Personal holidays are a wonderful thing. Passport, sun lotion, swimwear, comfortable clothing, children, work laptop… how many of you pack your work phone or work laptop when you go on ‘holiday’?
For too many years I found it really difficult to switch off from work. I was working in a global world, with globally colleagues and team members. I still felt I needed to stay online, even when I was taking time out with my family. My children demanded me to stop, my colleagues needed my attention.
I always remember joining a new company in 2010 as a Global Sales Leader, and heading off for a holiday right in the middle of a very large global proposal. As part of the holiday I would drive every morning up to the top of a hill to have access to WIFI (it was less established back then and the signal in Cornwall was not great) to check my emails. During the holiday I even had the pleasure of attending a 60 minute conference call with around 20 colleagues from a telephone box! The defining moment was when a tractor drove past and I had no ability to mute my phone (cue hand over receiver hoping the sound is not picked up!).
For many years I would have to carefully negotiate with my wife and children to take time to do work whilst I was away.
I guess what I am trying to say is there are many of us who struggle to switch off during holidays due to ‘work tasks and objectives’. Although I have found over the past years more people are switching off. I have now made adjustments to my life and routines to help me.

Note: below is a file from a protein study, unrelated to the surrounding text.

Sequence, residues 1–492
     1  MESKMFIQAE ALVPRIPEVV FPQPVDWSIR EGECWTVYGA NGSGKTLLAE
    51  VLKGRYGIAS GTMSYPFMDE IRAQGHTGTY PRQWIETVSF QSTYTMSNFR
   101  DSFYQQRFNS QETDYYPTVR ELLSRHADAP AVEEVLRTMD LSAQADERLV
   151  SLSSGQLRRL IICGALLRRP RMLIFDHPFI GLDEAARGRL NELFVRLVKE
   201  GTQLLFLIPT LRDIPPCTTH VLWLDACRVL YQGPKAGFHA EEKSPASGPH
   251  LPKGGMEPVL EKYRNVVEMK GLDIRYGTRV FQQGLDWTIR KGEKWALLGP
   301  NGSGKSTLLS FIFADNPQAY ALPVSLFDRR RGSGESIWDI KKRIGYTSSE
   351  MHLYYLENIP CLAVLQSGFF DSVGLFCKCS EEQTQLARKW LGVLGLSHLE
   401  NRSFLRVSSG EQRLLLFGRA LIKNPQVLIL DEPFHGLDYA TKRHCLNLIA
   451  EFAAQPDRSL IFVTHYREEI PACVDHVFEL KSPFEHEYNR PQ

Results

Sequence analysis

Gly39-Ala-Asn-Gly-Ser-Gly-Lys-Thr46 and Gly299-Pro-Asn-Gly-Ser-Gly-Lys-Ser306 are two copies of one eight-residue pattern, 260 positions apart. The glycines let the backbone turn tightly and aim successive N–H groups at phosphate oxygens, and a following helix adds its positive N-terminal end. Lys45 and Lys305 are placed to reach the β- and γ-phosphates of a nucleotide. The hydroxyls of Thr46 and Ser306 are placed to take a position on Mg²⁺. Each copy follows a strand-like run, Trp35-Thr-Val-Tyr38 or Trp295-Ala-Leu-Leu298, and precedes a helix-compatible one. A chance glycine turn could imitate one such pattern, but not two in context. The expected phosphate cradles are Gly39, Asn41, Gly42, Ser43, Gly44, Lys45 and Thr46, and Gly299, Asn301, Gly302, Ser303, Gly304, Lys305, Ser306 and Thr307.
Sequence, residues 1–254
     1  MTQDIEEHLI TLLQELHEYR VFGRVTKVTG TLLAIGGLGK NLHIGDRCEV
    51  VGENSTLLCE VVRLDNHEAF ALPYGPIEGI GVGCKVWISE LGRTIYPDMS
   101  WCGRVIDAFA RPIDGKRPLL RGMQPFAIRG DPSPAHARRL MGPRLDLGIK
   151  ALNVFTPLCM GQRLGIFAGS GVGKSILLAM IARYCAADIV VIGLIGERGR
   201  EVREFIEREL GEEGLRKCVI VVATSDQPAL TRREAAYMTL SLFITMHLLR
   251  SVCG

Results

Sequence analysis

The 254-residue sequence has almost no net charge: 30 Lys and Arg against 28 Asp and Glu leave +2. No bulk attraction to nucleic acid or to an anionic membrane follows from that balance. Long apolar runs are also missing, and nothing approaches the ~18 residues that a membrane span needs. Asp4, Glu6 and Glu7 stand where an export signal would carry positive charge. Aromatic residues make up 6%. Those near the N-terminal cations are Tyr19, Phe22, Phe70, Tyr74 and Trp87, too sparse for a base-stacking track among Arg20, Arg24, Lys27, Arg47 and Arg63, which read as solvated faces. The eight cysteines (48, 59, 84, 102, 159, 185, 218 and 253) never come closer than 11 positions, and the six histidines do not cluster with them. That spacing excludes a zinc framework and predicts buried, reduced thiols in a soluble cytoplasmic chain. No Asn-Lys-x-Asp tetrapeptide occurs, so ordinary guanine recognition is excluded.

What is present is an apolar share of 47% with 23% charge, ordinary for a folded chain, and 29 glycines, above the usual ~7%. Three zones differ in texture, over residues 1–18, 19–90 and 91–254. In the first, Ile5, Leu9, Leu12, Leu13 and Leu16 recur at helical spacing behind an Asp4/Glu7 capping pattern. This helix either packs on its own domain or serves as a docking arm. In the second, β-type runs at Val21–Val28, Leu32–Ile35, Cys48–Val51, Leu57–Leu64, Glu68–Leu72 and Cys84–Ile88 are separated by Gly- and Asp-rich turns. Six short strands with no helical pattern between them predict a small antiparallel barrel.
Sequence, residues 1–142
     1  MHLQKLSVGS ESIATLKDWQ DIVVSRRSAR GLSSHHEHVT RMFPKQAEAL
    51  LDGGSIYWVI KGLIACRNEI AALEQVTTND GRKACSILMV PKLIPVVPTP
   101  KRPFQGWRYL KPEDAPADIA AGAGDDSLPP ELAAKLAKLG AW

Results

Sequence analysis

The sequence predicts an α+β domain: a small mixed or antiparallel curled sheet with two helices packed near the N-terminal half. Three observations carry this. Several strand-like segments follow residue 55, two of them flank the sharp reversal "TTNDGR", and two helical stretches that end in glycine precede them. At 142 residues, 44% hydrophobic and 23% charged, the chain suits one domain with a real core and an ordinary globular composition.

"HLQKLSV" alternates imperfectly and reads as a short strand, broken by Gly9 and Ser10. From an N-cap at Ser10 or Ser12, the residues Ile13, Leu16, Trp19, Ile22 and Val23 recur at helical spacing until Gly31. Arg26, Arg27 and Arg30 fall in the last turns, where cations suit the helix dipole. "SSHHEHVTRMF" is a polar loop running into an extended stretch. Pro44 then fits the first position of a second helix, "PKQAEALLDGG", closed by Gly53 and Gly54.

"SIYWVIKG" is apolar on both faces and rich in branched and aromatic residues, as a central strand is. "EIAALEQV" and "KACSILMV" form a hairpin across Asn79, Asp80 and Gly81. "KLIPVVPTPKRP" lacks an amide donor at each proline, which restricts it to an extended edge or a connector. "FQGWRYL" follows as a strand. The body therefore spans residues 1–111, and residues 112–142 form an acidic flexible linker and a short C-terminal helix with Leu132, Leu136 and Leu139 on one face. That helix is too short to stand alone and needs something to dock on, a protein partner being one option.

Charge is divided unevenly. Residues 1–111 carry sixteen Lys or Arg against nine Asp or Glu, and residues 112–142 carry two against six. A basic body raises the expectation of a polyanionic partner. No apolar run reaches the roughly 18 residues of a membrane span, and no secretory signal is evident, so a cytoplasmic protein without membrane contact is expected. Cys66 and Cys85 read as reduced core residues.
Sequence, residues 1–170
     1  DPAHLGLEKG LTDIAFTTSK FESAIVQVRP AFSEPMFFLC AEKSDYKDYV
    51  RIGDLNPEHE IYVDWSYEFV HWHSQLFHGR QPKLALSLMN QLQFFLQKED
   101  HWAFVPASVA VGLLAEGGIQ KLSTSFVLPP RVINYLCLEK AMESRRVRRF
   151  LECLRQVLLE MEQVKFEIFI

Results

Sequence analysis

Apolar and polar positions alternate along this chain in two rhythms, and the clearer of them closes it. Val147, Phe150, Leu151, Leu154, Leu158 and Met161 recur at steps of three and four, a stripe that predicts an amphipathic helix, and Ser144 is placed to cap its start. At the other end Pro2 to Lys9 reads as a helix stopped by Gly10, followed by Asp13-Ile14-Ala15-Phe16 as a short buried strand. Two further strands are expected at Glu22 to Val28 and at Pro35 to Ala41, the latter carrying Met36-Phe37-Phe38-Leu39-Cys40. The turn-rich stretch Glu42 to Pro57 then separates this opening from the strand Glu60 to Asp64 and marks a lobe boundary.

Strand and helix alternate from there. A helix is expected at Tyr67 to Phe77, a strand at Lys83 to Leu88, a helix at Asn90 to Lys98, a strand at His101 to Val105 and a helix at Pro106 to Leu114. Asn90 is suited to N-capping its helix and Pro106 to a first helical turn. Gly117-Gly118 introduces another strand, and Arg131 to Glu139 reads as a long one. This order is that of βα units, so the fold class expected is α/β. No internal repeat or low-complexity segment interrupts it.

I am actually writing this on my own holiday. But I am ok with this. For me a holiday is about breaking away from my normal work routines. I have managed to negotiate to have time to do things that I choose, that I want to do… and sometimes I choose to do some writing (this article), not work.
I recently read an interesting article on this topic ‘How to switch off from work over the holidays’, and read with interest;
‘Reframe your holiday as an enhancement tool’. Reframe your holiday as an opportunity to enhance your performance back at work. A change of scenery can shift you into a more constructive mindset and spark creative problem-solving ideas, especially if you are taking part in activities that enable your mind to wander. Uninterrupted time away from work helps enhance wellbeing and help you immerse in non-work activities.’
I find it incredibly relaxing and therapeutic to write, I wish I had more time to do so. This is the challenge I am going to take forward to find more time to write in the future.
For now it’s time to move… we are heading off swimming now!
How do you find switching off for Holiday? Easy or Hard?